"China is not only the world’s second-biggest economy. It is a major production base and consumer hub as well."
With the twin uncertainties engendered by the coronavirus outbreak and the termination of the Visiting Forces Agreement, there is need for reasonably quick response measures if we are to be on track with our security and development goals for 2020 and beyond. Are we prepared, or are we just now preparing such counter measures?
This is the question that should be asked of our economic and security managers as we grapple with the impact of these two major developments just two months into the new year.
Already, a lot of business leaders are sounding the alarm especially in those sectors whose continued growth depends on the health of China, the world’s second biggest economy. When before in the middle of the second decade of the 21st century, as economic slump consumed most of the developed world, China was ever ready to take the slack, now it is itself grappling with the impact of the COVID-19 virus. It will take time before things normalize if at all, specially with the lockdown imposed by Chinese authorities themselves which in effect slowed down its motors for growth.
We need not emphasize that China is not only the world's second-biggest economy. It is a major production base and consumer hub as well. It is a major trading partner of the US and the OECD countries -that elite club of the world's largest economies - and has expanding relations with Middle East and African countries. It also holds a substantial part of the financial instruments oiling the global economy.
Closer to home, it is the main economy around which the ASEAN countries orbit, besting Japan, Korea and even the United States. And with its aggressive Belt and Road development initiative, that economic partnership has become even more pronounced. When before there was only one major economy—the United States—and its major allies in Asia, Japan and South Korea, plus most of Europe around which the global economy revolved, now that distinction is increasingly being shared with China. China has become such a presence the world can no longer ignore. So, are we prepared to partner with it and its globally competitive companies to get things going?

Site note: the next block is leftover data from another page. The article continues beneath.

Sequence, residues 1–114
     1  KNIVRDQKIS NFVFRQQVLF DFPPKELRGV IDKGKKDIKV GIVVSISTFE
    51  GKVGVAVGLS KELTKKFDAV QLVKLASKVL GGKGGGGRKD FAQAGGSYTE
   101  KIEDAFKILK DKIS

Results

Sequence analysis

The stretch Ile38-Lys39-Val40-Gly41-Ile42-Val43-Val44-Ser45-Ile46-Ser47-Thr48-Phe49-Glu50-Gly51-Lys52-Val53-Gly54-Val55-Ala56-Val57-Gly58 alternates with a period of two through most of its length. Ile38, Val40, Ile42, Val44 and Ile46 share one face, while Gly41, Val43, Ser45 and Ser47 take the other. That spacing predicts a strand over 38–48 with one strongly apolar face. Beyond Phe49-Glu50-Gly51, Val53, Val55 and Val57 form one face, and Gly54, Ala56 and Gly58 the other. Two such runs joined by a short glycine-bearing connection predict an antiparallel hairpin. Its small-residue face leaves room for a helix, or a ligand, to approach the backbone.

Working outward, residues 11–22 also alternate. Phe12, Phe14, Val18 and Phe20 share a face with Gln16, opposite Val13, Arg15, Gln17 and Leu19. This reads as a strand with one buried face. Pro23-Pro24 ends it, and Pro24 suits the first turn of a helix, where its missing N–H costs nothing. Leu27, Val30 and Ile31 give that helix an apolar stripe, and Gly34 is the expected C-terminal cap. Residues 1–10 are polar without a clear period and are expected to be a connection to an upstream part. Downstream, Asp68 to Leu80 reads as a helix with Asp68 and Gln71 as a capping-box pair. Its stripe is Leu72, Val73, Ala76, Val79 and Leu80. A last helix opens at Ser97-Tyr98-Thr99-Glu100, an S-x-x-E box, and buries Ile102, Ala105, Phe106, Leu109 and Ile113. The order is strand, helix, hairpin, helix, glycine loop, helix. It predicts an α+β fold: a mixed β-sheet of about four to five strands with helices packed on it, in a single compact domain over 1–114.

The way I see it, things are iffy at best. Just some days back, Honda Philipines, the country’s fourth largest car manufacturer, announced plans to shut down its Sta. Rosa plant and will supply automobiles and parts through its Asia and Oceana regional network. Not only will close to a thousand workers be laid off as a result, but hundreds of suppliers will be forced to take the heat. There is no word on the other manufacturers yet but it is not far fetched they will also look at downsizing operations or closing down altogether. And this is not just in the car industry. A lot of sectors have become heavily embedded with China and Chinese companies and, before the coronavirus came into the scene, were planning on increased investments.
Contrast this with the developments in our neighbors in ASEAN. Toyota Motors is reportedly moving the city production of car seats from China to Thailand while Samsung is moving parts of its production in China to India or Vietnam. A number of garments and textile companies in China likewise are also thinking of moving out, not to the Philippines but other locales. We can go on and on enumerating possibilities of partnerships in the economic and business sectors with Chinese companies—but are we prepared?
On the other hand, our security situation will now have to be reckoned without the VFA. Although we still have 180 days to think of ways to ensure the continued partnership with the United States in security and defense matters, there appears to be a lack of preparation which attended this call. While we are focused on the need to balance our relations in the sector with our avowed pivot to an independent foreign policy, that should not deter us from coming out with a realistic substitute to the existing terms of our partnership with the US. How will we work out the sharing of intelligence? Or the inter operability of our weapons systems? Or, closer to home, how are we going to arm our forces to protect us from both internal and external threats? These and other questions should be on the table if we are to rebalance our existing partnership terms with the US while opening up new ones in pursuit of our national interest. We await with bated breath the comprehensive coping measures the administration has put or is putting in place as we secure the best terms and of course the best future for our people.
Let the new future in the face of the ever spreading COVID-19 and VFA’s end set in.